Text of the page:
Before we move onto the next page, which will look at ISO and color settings, I want to show what you could expect with a lens of ranges between 18mm and 200mm. Though I am using an 18-200mm lens, the same range would be seen on 18-55mm and 55-200mm lenses… I just have the benefit of it being confined to a single lens.
Pay attention to the direct center of the first image, then look at the second.
That’s quite the range,. Also note how clear the second picture is, despite not using a tripod. Although it was a rather bright day outside, having VR active definitely played it’s part in the final result.
As we saw on the previous page, if you have a tripod, then using a lower ISO at night, along with a slower shutter, can result in a spectacular image. However, there comes a time when a higher ISO is absolutely necessary. The following pictures show off the quality of each available ISO mode on the camera. Unlike Nikon’s higher-end D-SLRs, the D40x only offers ISO ranges of 100, 200, 400, 800, 1600 and HI-1.
Please note that throughout these images, Noise Reduction was turned on. Ideally, it should have been turned off, but I did not realize this until later in the testing. I’d be willing to assume most would have that option enabled regardless. Further noise cleanup can be had in post-processing.
As expected, ISO noise is kept at reasonable level all the way up to 800, but I normally try to refrain from ever going higher. 1600 and HI-1 as seen below is filled to the brim with noise.
Like Nikon’s Coolpix point-and-shoots, there are a variety of color-modes available to choose from. You can of course tweak your own, but for those who don’t want to dabble, there are six presets available: Normal, Softer, Vivid, More Vivid, Portrait and Black-and-White.
Normal is likely the setting many will use most often, but for even richer color, Vivid is a good choice. The Softer setting is an acquired taste, but it does exactly what it says. It gives the effect of the picture being slightly out of focus. More Vivid is too bright, in my opinion. Portrait is similar to Softer in that it results in softer tones, but not to the same extent. Black-and-White explains itself.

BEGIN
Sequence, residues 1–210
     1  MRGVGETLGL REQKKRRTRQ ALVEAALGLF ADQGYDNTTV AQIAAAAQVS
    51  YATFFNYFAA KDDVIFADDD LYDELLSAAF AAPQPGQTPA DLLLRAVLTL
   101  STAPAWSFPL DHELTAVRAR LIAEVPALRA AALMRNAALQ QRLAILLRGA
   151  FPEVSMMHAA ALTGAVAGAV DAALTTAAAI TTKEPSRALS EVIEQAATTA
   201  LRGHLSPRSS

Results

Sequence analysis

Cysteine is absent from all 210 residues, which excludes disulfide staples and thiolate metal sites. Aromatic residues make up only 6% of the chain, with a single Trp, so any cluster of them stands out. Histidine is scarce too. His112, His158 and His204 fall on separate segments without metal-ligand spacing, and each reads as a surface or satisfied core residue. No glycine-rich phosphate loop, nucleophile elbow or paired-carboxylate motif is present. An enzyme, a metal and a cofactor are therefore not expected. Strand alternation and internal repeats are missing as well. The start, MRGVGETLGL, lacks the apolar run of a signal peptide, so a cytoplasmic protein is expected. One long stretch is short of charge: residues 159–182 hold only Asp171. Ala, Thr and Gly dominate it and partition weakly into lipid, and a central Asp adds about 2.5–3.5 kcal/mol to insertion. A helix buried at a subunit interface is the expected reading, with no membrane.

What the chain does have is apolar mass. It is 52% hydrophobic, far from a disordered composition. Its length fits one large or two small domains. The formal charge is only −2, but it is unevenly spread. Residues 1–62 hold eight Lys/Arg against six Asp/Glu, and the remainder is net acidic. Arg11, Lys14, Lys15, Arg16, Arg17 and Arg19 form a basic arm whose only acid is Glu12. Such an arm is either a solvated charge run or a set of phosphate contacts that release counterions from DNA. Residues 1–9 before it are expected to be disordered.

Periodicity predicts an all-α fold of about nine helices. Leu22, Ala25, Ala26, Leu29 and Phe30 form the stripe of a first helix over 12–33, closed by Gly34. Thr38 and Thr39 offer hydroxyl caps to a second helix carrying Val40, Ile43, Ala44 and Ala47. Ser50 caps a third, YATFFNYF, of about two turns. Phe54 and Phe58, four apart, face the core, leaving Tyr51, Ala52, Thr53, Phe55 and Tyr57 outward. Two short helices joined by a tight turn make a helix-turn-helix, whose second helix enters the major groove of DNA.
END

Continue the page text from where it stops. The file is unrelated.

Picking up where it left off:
For our last image, the normal setting was used without a flash, which always results in more natural colors. Of course, these shots normally require a tripod in order to allow sufficient light into the sensor without resulting in a blur.
With all of our image tests out of the way, let’s move onto our final thoughts.
When I first received the press release for the D40x, my jaw dropped. “What in the heck are they thinking?” was my first ponder. After all, the original D40 came out just a mere five months earlier. After spending some good time with both cameras though, I understand that they are not in the same league. That said, this camera would be more appropriately named the D45 or D75.
My final thoughts on the camera are simple: It’s totally worth the cash. It’s a great D-SLR that’s best suited for beginners, but exceptional shots are ready to be taken by anyone, novice or pro. However, for the pro shooter, the main draw would be the overall size. Set the D40x next to a D70/80/200 and the size difference is very noticeable. Set it beside a D2Xs for a good chuckle.
Because of the lightweight form-factor, it’s a very comfortable camera to hold, especially if you have small hands. Equipped with the kit 18-55mm II lens and a good neck strap, the camera will be a joy to bring with you on trips, walks or whatever events suit your fancy.
Because the camera is suited towards beginners, the available features on the camera reflect that. I keep comparing the D40x to the D80, which is because both cameras use extremely similar sensors and have identical performance stats. So when making a decision to get a camera in this price range, it’s between the D80 and D40x, if there are not other makes in the mix.